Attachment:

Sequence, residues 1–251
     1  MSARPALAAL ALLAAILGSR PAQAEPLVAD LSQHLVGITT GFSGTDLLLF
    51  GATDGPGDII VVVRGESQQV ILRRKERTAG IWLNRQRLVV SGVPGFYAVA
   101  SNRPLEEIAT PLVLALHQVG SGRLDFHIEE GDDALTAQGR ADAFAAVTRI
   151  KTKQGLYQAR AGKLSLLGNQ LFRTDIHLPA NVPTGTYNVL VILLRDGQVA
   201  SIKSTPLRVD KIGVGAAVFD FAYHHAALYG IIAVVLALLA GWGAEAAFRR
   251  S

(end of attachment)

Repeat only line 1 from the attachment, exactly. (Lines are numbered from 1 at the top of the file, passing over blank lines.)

Sequence, residues 1–251